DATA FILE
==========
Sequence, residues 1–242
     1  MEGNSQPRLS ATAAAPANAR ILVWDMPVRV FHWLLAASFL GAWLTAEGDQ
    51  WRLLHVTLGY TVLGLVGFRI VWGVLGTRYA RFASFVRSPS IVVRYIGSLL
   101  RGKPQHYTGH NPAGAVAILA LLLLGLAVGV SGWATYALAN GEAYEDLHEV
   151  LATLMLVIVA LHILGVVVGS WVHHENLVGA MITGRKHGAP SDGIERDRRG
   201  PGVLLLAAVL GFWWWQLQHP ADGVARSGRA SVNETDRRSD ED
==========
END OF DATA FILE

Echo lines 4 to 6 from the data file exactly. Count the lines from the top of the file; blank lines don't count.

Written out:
   101  RGKPQHYTGH NPAGAVAILA LLLLGLAVGV SGWATYALAN GEAYEDLHEV
   151  LATLMLVIVA LHILGVVVGS WVHHENLVGA MITGRKHGAP SDGIERDRRG
   201  PGVLLLAAVL GFWWWQLQHP ADGVARSGRA SVNETDRRSD ED